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Mitochondrial or multigenic Mitochondrial genetic disorders can be caused by changes (mutations) in either the mitochondrial DNA or nuclear DNA that lead to dysfunction of the mitochondria and inadequate production of energy.

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Multigenic or multifactor Inheritance involving many factors, of which at least one is genetic but none is of overwhelming importance, as in the causation of a disease by multiple genetic and environmental factors.

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Not applicable

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Other names (AKA)

Acute interstitial pneumonitis; Hamman-Rich syndrome

Categories

Lung Diseases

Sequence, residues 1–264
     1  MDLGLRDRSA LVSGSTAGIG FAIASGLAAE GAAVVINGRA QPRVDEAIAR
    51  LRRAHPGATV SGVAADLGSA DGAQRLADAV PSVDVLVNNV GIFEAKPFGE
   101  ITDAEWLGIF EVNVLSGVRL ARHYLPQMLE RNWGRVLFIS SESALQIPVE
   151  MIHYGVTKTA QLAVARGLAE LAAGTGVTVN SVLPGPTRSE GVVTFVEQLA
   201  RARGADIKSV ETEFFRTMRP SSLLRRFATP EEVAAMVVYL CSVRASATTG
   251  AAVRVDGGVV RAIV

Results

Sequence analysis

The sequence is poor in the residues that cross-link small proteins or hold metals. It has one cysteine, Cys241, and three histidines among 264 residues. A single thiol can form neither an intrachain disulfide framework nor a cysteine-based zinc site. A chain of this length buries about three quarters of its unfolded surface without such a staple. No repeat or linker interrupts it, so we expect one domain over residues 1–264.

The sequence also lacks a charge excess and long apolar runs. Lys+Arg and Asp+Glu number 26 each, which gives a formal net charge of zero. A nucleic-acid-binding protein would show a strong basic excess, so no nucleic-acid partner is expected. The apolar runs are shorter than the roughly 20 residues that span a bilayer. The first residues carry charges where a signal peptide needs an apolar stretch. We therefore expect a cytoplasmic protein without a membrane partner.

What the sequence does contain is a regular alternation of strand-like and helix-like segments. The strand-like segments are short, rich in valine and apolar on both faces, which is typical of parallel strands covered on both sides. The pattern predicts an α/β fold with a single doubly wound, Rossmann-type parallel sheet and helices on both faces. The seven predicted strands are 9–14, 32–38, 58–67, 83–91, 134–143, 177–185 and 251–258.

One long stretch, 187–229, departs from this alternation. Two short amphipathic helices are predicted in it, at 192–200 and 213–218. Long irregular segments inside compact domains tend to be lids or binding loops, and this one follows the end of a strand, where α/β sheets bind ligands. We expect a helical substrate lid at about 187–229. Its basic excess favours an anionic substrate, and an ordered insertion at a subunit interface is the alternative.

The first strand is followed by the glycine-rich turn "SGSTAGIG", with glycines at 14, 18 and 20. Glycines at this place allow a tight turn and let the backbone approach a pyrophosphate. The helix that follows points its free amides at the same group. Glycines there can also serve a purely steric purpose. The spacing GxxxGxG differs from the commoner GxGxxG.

Summary

Acute interstitial pneumonia (AIP) is a rare and serious condition that affects the lungs. The signs and symptoms generally develop and progress rapidly. In the early stages of the condition, affected people may experience upper respiratory and/or viral-like symptoms such as cough, shortness of breath, and fever. This is followed by the rapid onset of respiratory failure and the need for mechanical ventilation in the majority of cases. The underlying cause of AIP is unknown. Most cases occur sporadically in people with no family history of the condition. There is, unfortunately, no proven treatment for AIP. Supportive care is generally recommended to address the signs and symptoms of the condition. Glucocorticoid therapy and other immunosuppressive therapies are often used; however, the benefits of these treatments remain unclear.[133607][1]